Siddhartha- The protagonist, who is sent out on an enlightenment quest Vasudeva- The enlightened ferryman who guides Siddhartha to an understanding of himself and the universe.
Govinda Siddhartha’s best friend and his follower at points Kamala- She has a relationship with Siddhartha and ends up dying of a snake bit, revealing Siddhartha is the father of her child Gotama- Enlightened religious figure
Kamaswami- An old businessman who teaches Siddhartha the ways of business Siddhartha’s Father- Respected Brahman and Siddhartha’s father Young Siddhartha Siddhartha’s son with Kamala The Samanas- Traveling ascetics who believe that a life of deprivation and wandering is the path to self-actualization.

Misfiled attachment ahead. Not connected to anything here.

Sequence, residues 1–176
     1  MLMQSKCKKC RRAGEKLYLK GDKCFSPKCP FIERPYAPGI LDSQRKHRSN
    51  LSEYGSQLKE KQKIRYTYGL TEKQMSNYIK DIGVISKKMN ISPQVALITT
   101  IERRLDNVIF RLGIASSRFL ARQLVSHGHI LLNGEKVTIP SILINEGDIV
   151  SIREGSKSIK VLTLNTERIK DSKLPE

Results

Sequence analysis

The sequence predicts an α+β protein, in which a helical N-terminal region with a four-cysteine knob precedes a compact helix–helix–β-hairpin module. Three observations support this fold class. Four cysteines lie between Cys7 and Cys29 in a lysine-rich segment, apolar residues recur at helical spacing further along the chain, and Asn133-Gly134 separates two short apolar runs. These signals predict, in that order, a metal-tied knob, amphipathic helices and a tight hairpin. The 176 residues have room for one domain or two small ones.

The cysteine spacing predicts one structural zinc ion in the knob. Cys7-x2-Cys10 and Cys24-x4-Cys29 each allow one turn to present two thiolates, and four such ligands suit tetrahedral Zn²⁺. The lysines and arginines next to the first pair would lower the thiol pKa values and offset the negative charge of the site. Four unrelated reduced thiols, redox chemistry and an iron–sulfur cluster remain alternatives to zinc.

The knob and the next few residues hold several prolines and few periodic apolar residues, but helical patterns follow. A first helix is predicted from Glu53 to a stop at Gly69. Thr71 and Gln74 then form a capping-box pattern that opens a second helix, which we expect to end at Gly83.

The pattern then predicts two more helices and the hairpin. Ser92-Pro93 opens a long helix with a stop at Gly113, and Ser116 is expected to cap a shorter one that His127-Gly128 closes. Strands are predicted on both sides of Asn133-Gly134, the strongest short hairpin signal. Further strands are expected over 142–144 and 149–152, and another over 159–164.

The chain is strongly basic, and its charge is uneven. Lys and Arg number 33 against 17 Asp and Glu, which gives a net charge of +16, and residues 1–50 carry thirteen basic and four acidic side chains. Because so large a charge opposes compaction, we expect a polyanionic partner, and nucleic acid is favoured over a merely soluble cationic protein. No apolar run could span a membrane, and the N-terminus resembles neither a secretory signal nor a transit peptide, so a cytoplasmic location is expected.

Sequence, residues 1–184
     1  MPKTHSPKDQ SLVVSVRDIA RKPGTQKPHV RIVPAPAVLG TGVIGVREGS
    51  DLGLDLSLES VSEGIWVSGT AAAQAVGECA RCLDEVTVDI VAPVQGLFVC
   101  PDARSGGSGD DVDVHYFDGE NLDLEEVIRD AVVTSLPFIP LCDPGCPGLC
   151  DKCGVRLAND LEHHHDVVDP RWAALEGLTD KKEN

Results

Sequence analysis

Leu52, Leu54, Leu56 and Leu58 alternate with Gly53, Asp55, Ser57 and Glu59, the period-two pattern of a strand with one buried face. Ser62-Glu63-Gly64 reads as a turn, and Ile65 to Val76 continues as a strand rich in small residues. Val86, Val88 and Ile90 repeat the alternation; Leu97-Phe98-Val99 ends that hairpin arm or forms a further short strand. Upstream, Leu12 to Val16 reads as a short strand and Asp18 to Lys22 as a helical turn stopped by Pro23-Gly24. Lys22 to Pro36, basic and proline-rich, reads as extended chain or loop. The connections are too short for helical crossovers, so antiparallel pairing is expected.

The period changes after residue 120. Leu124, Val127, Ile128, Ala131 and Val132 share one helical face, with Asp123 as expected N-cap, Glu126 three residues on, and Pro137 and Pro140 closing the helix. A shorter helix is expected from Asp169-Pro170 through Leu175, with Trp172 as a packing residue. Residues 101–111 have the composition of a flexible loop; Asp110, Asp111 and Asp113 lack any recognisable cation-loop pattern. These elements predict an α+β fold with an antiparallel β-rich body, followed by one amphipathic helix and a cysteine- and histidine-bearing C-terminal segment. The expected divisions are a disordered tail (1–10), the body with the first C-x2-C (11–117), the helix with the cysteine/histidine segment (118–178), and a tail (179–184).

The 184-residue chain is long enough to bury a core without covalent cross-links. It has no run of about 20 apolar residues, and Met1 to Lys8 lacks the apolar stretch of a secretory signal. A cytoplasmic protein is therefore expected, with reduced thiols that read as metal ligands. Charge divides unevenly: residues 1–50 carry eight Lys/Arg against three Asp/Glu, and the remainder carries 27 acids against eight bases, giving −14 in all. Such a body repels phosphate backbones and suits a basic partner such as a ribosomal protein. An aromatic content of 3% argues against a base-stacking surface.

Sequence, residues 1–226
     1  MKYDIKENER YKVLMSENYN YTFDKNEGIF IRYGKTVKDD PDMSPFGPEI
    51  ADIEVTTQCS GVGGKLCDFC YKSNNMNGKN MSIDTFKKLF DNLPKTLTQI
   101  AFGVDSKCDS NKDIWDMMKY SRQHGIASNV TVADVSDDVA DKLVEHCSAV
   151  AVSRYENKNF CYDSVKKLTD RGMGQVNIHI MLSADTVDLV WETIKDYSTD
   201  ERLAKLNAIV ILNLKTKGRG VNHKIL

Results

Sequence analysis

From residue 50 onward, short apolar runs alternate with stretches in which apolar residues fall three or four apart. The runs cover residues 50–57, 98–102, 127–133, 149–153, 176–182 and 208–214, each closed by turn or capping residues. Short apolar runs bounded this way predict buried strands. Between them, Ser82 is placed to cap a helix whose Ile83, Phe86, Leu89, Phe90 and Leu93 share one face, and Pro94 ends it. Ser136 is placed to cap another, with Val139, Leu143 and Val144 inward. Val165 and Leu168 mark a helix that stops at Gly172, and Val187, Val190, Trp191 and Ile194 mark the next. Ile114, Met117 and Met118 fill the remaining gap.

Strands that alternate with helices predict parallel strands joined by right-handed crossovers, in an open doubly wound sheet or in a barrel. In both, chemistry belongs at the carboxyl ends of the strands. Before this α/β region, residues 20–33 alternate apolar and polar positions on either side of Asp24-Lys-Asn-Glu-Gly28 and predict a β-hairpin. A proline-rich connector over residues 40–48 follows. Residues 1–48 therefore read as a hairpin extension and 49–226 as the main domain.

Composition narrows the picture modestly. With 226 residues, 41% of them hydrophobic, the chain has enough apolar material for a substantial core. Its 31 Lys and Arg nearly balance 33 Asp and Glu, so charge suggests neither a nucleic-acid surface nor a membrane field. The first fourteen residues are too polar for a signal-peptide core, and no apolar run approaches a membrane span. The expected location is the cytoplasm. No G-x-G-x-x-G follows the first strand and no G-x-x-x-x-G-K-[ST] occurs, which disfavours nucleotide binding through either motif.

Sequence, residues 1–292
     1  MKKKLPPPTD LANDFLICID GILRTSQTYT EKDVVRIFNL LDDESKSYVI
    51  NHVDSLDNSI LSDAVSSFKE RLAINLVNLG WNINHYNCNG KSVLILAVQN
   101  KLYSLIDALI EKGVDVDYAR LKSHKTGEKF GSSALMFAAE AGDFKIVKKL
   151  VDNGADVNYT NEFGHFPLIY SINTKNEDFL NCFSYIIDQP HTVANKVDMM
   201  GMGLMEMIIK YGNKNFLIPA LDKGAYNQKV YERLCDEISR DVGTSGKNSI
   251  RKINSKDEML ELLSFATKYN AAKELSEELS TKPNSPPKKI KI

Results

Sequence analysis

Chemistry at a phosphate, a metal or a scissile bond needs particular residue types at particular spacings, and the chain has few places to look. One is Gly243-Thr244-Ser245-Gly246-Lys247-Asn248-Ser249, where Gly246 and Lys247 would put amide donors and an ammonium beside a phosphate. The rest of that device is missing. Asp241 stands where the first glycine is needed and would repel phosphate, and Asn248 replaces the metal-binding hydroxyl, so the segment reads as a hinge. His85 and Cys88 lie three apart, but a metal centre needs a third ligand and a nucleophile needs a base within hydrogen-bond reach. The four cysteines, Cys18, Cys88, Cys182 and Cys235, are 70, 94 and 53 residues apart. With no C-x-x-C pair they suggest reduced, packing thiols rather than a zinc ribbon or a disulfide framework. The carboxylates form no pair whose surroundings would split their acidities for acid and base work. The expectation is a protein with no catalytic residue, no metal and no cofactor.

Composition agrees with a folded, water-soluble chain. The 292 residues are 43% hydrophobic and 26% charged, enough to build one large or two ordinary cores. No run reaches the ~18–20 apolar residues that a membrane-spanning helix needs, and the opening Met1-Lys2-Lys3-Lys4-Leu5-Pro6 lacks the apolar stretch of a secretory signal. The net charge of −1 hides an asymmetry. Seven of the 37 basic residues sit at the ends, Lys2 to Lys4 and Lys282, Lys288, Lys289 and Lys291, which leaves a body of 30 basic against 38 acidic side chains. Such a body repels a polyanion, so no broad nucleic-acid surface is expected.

The major conflict is Siddhartha does not know how to find self. Siddhartha is the protagonist and hi goal is to become enlightened by finding self. Kamaswam:, means the master of the material world and is the antagonist because he pushes Siddhartha away from his goal by tempting him. Kamala also contributes to Siddhartha not reaching his goal because she makes him become a merchant if he wants to be with her. Vasudeva helps Siddhartha reach his goal by leading him on the path to find self.
Siddhartha with the help of Vasudeva, the ferryman, becomes enlightened and finds self. The river represented his journey to find self and the ferryman was his guide. The river showed enlightenment is not a straight path but one with bends and curves. Siddhartha also learns that it is important to love all because on the path to enlightenment everyone needs help and to work together, like the river has many water molecules working together to create the giant flowing river. Once Siddhartha finds self Vasudeva leaves and Govinda comes to cross the river. Siddhartha tells him all he has learned.